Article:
Best Light Roast Coffee in 2023 (Treat Your Taste Buds Right)
Recent years have found light roast coffee beans growing in popularity. Rather than hiding behind the dark and toasted flavours of the roasting process, light roasts let the beans’ natural characteristics shine through; no wonder the consumers are developing a taste for their bright acidity and mild body.
If you’re looking for great beans that showcase these characteristics, read on for our top six picks for the best light roast coffee this year. These are the cream of the crop.
The 6 Best Light Roast Coffee in 2023
|San Lorenzo Colombia Single Origin||
|Coffee Masters Colombian Organic||
|Ethiopia Yirgachefe (Volcanica)||
|Goat Story Rwanda Gasharu Rugori||
|Brazilian Santos Coffee Beans||
First off, what makes coffee light roast? Simple. The answer lies in the length of the coffee roasting process. Light roasted coffee beans are roasted for a shorter period of time. But what makes light roasted coffee beans special?
With their ability to showcase the nuances of a coffee’s flavour, light roasts have been growing in popularity. With so many on the market, from single acidic origins to mellow blends, it can be hard to choose the right one, so here are nine great options.
Note: This guide will focus on light roasted coffee only. For other great coffee beans read our guide to the best coffee beans here.
1. San Lorenzo Colombia Single Origin – Best Overall
Enjoy a low-acidity coffee that’s produced in fertile volcanic soils and carefully created microclimates. This is a rare single-origin coffee from Colombia that’s grown in ideal altitude conditions.
San Lorenzo coffee has notes of raisin, dark chocolate, and lychee. You can brew it as a filter coffee and it works perfectly as an espresso.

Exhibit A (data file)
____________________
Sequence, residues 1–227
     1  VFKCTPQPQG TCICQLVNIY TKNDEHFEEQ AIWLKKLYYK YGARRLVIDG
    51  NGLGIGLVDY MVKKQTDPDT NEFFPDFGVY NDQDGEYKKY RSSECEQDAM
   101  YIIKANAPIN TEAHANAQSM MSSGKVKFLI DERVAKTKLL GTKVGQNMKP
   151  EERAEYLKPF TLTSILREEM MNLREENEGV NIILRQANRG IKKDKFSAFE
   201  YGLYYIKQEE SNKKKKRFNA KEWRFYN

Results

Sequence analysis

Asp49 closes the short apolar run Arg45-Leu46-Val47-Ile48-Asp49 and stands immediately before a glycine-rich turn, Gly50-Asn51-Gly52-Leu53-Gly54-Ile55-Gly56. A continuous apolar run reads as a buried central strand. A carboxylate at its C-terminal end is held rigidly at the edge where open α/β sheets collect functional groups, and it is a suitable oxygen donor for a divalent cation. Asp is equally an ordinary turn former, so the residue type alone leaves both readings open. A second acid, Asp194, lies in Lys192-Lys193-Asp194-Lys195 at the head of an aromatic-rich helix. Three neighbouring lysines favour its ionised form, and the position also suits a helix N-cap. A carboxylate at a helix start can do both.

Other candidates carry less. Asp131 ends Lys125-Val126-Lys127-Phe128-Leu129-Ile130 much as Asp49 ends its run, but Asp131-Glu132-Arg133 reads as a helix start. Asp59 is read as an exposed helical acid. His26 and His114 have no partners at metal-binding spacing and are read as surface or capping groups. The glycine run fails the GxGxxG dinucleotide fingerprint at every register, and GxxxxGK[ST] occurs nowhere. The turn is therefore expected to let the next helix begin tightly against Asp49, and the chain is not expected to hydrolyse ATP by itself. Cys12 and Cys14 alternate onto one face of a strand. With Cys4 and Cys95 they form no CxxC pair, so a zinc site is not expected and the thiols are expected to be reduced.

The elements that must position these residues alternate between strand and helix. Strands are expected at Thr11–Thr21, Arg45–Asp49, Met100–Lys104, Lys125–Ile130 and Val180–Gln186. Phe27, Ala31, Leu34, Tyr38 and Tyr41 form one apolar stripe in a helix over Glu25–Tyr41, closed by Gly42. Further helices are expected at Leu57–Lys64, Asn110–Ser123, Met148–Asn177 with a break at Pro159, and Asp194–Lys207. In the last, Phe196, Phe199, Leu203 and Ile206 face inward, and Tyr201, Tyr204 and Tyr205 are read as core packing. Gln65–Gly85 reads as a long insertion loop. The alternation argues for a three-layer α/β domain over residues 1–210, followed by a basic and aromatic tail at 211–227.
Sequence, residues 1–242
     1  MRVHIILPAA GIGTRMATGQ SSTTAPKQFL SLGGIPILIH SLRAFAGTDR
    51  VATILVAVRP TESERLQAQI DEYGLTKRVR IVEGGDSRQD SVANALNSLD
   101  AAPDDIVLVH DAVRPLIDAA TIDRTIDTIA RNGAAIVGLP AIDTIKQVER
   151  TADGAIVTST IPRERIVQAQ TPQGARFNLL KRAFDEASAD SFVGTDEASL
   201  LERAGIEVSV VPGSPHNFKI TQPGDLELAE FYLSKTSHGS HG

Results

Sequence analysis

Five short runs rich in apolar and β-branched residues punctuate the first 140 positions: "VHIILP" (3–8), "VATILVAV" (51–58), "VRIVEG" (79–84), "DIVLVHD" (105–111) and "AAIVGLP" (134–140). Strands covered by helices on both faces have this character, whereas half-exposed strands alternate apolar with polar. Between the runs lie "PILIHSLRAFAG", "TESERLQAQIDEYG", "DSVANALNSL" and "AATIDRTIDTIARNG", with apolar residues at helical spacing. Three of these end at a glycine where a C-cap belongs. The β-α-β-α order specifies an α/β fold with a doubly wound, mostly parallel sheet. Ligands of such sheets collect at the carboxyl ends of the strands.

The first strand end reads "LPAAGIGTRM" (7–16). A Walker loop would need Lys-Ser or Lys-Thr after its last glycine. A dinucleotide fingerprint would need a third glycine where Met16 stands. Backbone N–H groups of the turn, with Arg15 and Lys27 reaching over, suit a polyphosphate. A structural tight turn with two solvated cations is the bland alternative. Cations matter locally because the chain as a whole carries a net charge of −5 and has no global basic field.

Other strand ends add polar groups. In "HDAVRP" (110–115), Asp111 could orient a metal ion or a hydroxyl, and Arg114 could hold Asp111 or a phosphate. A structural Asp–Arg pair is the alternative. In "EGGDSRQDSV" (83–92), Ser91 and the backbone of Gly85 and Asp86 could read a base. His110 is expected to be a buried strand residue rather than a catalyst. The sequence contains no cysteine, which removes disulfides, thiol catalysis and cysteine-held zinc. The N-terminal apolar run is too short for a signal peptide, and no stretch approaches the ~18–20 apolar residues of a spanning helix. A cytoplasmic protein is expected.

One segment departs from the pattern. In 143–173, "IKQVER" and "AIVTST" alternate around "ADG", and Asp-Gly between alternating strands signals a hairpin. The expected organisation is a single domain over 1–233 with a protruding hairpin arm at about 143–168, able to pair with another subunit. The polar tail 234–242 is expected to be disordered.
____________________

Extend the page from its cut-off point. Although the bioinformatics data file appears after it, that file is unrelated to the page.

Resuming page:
It is grown organically without the use of pesticides. San Lorenzo Single Origin has been tested for pesticides and mycotoxins, so you get a healthy coffee that can be consumed every day.
It works with espresso machines, Aeropress, mocha pots, and cafetière. It’s delicious with milk and on its own.
2. Coffee Masters Colombian Organic – For the Adventurous Coffee Drinker
Coffee Masters Colombian is an organic fair-trade coffee ideally made for espresso. Made with 100% organic Arabica beans, this is a light roast single-origin coffee. It has a unique taste with winey notes that will remind you of orange zest and dark chocolate.
There is a sweet aftertaste of caramel with slightly roasted nuttiness. The coffee beans are grown in Antioquia/Medellin in Colombia and roasted in the UK. While it’s ideally made for espresso, you can also make a French press with a cafetiere.
This Coffee Masters coffee comes with a fair trade certification meaning the Colombian farmers were provided fair working conditions and workers received decent wages for their work.
3. Sweet Brazil – Budget Pick
The Brown Bear Coffee Co. adds a bit of a feel-good factor to the purchase of their beans. They work in partnership with Free the Bears UK, donating 5% of their sales to the charity. Free the Bears works to rescue bears in SE Asia from bile farms and raise them in sanctuaries.
Beyond feeling warm and fuzzy, you’ll also be getting a good brew at a nice price. The 100% Arabica beans have been sourced from Brazil, with a blend that shows the soft, sweet characteristics that the country is known for. With plenty of chocolate and caramel notes coming through with the light roast, this coffee is best enjoyed without milk.
You can buy this as ground coffee, but you won’t have the choice of grind sizes. Brown Bear offer what they call their Omni grind, which is best suited to a French press, drip filters or AeroPress.
4. Volcanica’s Ethiopia Yirgachefe – Best Premium Coffee
Yirgacheffe is one of those names that immediately grabs the attention of serious coffee lovers. Just like Kona or Blue Mountain, it’s a growing region that produces highly sought-after beans. These beans are gathered from wild coffee trees from the Yirgacheffe region in southern Ethiopia.
A cup of Ethiopian Yirgacheffe is medium bodied, fruity, sweet and deeply complex. It even manages to bring a slightly bitter element without upsetting the cup. Flavours include hints of strawberry, dark chocolate, cedar, and pineapple guava, along with chocolate, lavender, and a “spirits-tinged finish.” Volcanica is one of our favourite roasters, so you won’t make a mistake if going with them!
5. Goat Story Rwanda Gasharu Rugori – Rarest Find
Goat Story’s Rwanda Gasharu Rugori is a delicious coffee and a social movement all wrapped up in one. Rugori means “Woman’s Crown” in the local language, a reference to the inspiration behind this coffee: to make women’s work better acknowledged in the coffee industry. These beans were produced and processed entirely by women, and one sip will be all it takes for you to understand their importance.